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Around Ohio-Aug. 22

Published: August 22, 2016 5:08 PM

Unemployment down from June,
up from year ago
Columbus — Ohio’s unemployment rate for July was down compared with the previous month, but up slightly from the rate reported a year ago.
The Ohio Department of Job and Family Services said Aug. 19 that the state’s jobless rate in July was 4.8 percent, down from 5 percent in June. But more Ohioans were unemployed in July 2016, compared with the same month last year. The unemployment rate for July 2015 was 4.7 percent.
The nation’s unemployment rate for last month was 4.9 percent, unchanged from June and down from 5.3 percent in July 2015.
Ohio sectors that reported job gains compared with a year ago, included construction, educational and health services and trade, transportation and utilities. Job losses over the year were reported in manufacturing, information and mining and logging.
— Associated Press

New US attorney takes office
Cleveland — Northern Ohio’s top federal prosecutor has officially taken office.
Carole Rendon was sworn in Aug. 19 as the region’s U.S. attorney at a ceremony in Cleveland.
She’d been working as acting U.S. attorney since February, when Steven Dettelbach resigned from the role.
The U.S. Senate voted in July to approve her nomination by President Barack Obama.
Rendon worked for the federal prosecutor in Massachusetts and in private practice before joining the U.S. attorney’s office in northern Ohio in 2009.
— Associated Press

Turnpike agency to use drone to inspect bridge for first time
Berea — The Ohio Turnpike plans to use a drone to inspect a bridge for the first time next month.
Officials say a remote-controlled aircraft will inspect the Sandusky River Bridge in mid-September if weather allows.
The turnpike’s executive director says officials hope to determine if drone inspections save time and money while making inspections safer by eliminating the need to use bucket trucks to check bridges.
Sections of the turnpike now must be closed and work zones created when bridges are inspected, some things not required when using drones.
Cole says drones might be allowed for other types of activities along the turnpike if next month’s test is successful.
The Ohio Department of Transportation and the Ohio State Highway Patrol also are considering using drones along freeways and interstates.
— Associated Press

Theft ring may have stolen 50 ATMs
Cleveland — A criminal ring carefully planned and sometimes executed smash-and-grab thefts of ATMs in Cleveland and Northeast Ohio that netted hundreds of thousands of dollars, authorities said Aug. 17.
Eleven Cleveland men were indicted Aug. 16 on racketeering and other charges related to 10 thefts or attempted thefts of ATMs in five Northeast Ohio counties since early 2015. The group could be responsible for more than 50 ATM thefts and that more arrests and charges are expected, Cuyahoga County Prosecutor Tim McGinty said at a news conference Aug. 17.
Three men alleged to be the leaders of the ring were convicted in 2011 of breaking into a store and trying to steal an ATM, with two of the men serving prison time, McGinty said.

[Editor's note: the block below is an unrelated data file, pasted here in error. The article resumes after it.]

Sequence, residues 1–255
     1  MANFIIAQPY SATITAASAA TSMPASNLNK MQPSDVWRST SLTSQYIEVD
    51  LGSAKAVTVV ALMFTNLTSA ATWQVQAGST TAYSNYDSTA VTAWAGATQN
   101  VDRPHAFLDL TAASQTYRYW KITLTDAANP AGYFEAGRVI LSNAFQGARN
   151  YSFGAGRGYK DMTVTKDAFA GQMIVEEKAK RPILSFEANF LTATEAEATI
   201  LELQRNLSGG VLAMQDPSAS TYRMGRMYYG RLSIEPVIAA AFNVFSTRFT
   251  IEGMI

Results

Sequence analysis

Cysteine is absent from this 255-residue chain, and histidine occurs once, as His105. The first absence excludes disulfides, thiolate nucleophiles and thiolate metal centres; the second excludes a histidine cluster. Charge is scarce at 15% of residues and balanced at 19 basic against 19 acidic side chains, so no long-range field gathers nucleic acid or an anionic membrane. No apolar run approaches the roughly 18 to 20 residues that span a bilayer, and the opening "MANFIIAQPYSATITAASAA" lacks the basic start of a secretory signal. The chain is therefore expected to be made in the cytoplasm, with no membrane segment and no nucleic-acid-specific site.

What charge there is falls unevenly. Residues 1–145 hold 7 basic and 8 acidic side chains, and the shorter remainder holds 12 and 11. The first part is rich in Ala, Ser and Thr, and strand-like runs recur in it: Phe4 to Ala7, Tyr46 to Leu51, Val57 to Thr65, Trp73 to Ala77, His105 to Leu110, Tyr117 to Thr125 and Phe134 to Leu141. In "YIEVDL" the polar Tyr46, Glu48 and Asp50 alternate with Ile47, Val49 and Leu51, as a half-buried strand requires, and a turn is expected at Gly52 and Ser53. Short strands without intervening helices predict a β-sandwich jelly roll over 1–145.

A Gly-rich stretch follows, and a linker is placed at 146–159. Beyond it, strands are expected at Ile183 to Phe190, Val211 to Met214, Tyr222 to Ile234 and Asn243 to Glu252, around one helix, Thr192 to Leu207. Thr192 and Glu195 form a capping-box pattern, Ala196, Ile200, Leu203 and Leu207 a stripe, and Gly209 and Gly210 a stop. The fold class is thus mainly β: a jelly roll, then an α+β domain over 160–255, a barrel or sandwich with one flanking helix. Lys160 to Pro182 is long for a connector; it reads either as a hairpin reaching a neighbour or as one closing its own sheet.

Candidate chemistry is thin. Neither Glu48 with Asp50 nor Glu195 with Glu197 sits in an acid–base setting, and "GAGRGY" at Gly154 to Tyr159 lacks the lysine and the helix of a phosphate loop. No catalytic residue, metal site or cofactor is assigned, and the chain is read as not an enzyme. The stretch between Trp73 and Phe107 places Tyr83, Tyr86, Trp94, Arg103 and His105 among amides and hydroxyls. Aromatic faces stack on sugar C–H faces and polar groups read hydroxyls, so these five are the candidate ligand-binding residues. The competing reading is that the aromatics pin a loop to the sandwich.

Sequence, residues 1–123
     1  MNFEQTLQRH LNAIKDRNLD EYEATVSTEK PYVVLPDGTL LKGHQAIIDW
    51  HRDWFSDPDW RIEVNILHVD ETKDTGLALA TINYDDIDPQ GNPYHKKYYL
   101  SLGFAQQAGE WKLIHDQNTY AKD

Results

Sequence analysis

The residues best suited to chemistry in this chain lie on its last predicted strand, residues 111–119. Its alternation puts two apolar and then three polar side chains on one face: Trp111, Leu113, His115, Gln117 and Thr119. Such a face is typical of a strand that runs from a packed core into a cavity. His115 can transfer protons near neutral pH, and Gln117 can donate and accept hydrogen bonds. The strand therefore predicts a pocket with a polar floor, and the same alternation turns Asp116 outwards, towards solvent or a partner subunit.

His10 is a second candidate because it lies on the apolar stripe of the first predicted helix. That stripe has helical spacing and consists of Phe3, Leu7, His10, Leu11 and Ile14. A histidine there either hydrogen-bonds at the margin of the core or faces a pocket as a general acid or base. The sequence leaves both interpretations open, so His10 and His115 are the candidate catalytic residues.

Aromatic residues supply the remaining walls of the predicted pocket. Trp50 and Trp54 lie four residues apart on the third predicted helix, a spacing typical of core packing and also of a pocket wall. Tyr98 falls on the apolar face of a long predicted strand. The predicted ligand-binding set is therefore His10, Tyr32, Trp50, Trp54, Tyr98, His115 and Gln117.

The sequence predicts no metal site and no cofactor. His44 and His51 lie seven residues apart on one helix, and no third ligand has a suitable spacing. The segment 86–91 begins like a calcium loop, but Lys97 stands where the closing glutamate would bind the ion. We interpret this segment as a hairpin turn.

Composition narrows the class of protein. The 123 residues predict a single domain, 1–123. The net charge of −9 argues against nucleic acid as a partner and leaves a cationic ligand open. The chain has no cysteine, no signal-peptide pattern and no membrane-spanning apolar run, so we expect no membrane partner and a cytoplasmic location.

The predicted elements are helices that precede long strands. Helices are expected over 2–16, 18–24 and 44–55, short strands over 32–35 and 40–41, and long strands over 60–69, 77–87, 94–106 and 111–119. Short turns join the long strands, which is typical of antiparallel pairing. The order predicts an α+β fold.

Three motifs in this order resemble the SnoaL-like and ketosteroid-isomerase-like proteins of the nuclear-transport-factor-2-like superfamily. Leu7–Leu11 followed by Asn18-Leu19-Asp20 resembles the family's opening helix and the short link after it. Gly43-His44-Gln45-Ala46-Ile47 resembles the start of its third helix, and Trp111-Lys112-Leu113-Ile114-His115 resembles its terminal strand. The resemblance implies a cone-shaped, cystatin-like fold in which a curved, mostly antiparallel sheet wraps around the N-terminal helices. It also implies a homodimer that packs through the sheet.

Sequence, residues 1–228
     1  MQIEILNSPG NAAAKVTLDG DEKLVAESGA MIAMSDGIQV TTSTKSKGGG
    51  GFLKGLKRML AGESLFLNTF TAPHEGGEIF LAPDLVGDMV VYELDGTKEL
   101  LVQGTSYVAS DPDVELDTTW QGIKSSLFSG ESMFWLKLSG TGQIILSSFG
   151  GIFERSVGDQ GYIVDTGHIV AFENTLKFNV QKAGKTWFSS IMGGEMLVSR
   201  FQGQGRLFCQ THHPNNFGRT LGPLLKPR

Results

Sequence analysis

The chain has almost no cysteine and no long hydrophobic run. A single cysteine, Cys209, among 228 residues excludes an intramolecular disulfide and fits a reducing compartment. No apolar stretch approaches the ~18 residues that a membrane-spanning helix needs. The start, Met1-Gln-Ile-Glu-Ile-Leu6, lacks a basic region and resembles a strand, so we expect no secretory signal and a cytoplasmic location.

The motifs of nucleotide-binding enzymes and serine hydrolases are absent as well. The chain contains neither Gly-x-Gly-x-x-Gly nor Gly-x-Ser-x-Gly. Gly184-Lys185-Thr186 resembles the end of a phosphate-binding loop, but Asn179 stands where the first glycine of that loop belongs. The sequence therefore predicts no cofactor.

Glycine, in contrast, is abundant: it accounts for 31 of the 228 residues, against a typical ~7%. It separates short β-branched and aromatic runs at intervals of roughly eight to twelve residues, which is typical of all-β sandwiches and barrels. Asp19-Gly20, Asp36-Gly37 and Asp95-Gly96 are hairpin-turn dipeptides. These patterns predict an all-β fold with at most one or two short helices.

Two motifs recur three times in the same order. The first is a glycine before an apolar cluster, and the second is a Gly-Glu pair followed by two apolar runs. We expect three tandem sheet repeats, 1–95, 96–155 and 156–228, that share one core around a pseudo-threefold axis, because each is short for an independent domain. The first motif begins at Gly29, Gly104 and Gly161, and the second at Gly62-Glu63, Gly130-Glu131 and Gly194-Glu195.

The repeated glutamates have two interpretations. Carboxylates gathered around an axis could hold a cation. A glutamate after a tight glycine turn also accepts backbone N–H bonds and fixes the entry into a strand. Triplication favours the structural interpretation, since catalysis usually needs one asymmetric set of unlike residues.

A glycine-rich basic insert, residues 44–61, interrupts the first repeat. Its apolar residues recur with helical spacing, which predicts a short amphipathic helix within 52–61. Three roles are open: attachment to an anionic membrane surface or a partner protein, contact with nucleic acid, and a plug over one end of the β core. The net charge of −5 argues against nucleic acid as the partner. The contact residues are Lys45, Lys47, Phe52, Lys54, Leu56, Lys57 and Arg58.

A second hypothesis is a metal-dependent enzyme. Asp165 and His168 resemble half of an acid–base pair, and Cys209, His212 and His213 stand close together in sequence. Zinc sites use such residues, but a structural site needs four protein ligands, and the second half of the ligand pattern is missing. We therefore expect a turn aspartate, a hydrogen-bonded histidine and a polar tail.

The thefts became more sophisticated, with the ring targeting convenience and drug stores with ATMs near the front door, authorities said. They would use stolen cargo vans to smash through store entrances in reverse, detaching cash machines from their moorings. The ATMs would be loaded into the van and taken to locations in Cleveland where they were opened using pry bars, power tools and cutting torches, authorities said.
Police in Strongsville arrested several members of the ring Aug. 8 after a 20-mile chase that began seconds after an ATM was stolen from a convenience store in that city.
— Associated Press

Attorney sues
judges over Black Lives Matter button
Youngstown — An attorney sentenced to five days in jail for refusing to remove a Black Lives Matter button while in court has sued two Northeast Ohio municipal court judges and the city of Youngstown claiming her free speech rights were violated.
The Youngstown Vindicator reports Andrea Burton sued Youngstown Municipal Court judges Robert Milich and Elizabeth Kobly in federal court Aug. 18.
Milich sentenced Burton to jail for contempt of court last month after she refused to remove the Black Lives Matter button. Milich rescinded the order after ordering Burton into custody when she agreed to adhere to the dress code while her attorney’s appealed Milich’s order.
Milich said he cited Pearson because of a U.S. Supreme Court decision banning political buttons in courtrooms
— Associated Press

200 endangered
to be released
Toledo — More than 200 eastern hellbenders will be released into Ohio streams in an ongoing effort to offset a decline in the endangered aquatic salamander.
The Toledo Zoo will participate in releasing the endangered salamanders into Ohio River and Muskingum River drainages this week as part of the Ohio Hellbender Partnership. Hellbenders are native to the state. But they are endangered in Ohio primarily because they are very susceptible to pollution, siltation and general disturbance of their stream-bed habitat.
The Blade in Toledo reports that the zoo hatches hellbender eggs collected from the wild and raises the young until they are large enough to avoid most predators.
Surveys of hellbenders in the late 1980s and again in the late 2000s showed an estimated population decline of 82 percent.
— Associated Press

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